• Reply 6 of 118
    Quote:

    Originally Posted by sflocal View Post

     

    With Xiaomi being in bed with the Chinese government, I don't see them being left out on the vine to rot anytime soon.


    It is well-known that Huawei is. I am not sure about Xiaomi.

  • Reply 7 of 118
    larryalarrya Posts: 544member
    These flailing Android manufacturers should all decide at once to start making Windows phones. Not that I'm a big Windows fan, but the writing is on the wall for Android, and together they could get to a critical mass for Windows and actually start making a little money.
  • Reply 8 of 118
    Quote:

    Originally Posted by cornchip View Post

     

    Microsoft should buy them. /s?




    Microsoft makes over a billion dollars per year from HTC due to royalty payments. No reason to spoil that.

  • Reply 9 of 118
    bocboc Posts: 72member
    The Internet is increasingly making it difficult to sell crap.
  • Reply 10 of 118
    gatorguygatorguy Posts: 20,282member
    The biggest issue seems to be the multitude of models in the market, thousands of them, which ends up being defined by who can go the lowest on price. HTC was one of the worst, tho they've recently recognised their model overkill and pledged to focus on just a few handsets going forward. Others like Samsung should do the same IMO. Stop trying to underprice each other and instead concentrate on just a very few good models for specific price points or specific markets.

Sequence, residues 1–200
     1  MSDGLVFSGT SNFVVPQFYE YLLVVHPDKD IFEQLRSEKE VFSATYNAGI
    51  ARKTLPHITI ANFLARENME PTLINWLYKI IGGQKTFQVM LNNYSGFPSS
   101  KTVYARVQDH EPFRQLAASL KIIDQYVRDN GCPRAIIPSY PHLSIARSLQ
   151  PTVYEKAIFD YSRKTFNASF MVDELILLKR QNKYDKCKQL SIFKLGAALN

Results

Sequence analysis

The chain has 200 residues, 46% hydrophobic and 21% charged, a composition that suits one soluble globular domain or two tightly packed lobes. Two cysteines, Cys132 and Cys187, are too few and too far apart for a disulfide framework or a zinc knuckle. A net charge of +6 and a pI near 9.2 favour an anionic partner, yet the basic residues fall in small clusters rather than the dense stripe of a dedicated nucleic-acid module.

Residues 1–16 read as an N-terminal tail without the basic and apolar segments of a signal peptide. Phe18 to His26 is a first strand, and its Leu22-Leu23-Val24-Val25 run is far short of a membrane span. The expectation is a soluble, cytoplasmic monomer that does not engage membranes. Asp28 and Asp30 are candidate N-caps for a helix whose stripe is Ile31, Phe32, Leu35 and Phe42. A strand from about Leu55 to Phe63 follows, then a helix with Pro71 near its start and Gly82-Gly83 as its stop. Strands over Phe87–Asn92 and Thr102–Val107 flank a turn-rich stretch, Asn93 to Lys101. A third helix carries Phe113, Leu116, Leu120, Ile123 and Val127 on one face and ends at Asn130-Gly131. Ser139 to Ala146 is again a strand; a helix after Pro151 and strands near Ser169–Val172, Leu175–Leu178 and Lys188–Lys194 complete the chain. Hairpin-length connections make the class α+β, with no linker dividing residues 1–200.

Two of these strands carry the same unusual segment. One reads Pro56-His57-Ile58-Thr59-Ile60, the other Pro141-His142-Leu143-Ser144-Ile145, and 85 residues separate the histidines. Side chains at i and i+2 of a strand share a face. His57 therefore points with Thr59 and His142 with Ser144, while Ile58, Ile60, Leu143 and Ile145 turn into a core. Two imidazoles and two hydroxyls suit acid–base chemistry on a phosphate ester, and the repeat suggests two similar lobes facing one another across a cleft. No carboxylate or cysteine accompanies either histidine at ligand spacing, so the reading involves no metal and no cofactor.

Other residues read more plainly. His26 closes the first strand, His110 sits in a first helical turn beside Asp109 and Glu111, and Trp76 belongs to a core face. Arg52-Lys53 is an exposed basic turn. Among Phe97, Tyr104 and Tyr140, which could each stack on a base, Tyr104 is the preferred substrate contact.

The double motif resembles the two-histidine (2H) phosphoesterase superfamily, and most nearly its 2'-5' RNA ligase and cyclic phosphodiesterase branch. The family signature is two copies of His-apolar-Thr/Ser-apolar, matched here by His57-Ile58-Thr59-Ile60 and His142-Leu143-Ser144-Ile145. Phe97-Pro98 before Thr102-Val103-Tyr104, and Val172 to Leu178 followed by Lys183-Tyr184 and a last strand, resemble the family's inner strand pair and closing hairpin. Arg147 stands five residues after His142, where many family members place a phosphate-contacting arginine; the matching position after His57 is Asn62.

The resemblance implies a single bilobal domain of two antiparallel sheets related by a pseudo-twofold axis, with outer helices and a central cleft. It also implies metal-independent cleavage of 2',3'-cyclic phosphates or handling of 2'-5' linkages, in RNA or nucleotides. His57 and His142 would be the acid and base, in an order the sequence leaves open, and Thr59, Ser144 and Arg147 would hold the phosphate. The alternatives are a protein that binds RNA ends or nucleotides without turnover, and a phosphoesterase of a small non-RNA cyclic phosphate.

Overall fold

• Reply 11 of 118
    "Blah, blah, blah..."
    I guess Mr. Oldman didn't reverse their slide.
  • Reply 12 of 118
    cornchip wrote: »
    Microsoft should buy them. /s?

    After digesting and pooping out the remains of Nokia, they are probably full for a while.
  • Reply 13 of 118
    Google wants cheaper Android smartphones for the India smartphone market. Build a good $50 smartphone and you can't lose as a manufacturer. Android is going to lock the iPhone completely out of the smartphone market in India. Market share is everything.

    /s
  • Reply 14 of 118
    fallenjtfallenjt Posts: 3,976member

    HTC is a joke from day 1. Oh, tried to copy Apple for fingerprint reader, but failed to secure it: they stored fingerprint in image file...unencrypted. How stupid it that?

     

    http://www.theguardian.com/technology/2015/aug/10/htc-fingerprints-world-readable-unencrypted-folder

  • Reply 15 of 118
    fallenjtfallenjt Posts: 3,976member
    Quote:

    Originally Posted by Steffen Jobbs View Post



    Google wants cheaper Android smartphones for the India smartphone market. Build a good $50 smartphone and you can't lose as a manufacturer. Android is going to lock the iPhone completely out of the smartphone market in India. Market share is everything.



    /s